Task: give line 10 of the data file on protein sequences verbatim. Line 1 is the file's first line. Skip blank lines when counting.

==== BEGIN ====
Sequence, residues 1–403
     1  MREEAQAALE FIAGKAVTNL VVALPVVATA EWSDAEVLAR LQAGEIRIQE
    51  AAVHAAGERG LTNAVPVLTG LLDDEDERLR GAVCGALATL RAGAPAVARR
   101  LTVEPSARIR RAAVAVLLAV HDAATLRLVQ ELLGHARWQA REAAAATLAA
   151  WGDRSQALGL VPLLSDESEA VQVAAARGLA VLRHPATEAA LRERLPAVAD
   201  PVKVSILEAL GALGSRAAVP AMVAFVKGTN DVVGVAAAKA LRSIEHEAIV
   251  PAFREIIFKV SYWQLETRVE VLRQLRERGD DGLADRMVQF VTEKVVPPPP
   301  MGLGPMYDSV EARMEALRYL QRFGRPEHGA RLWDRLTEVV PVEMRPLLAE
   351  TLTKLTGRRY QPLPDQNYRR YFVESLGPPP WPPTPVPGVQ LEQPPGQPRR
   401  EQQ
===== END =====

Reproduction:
   401  EQQ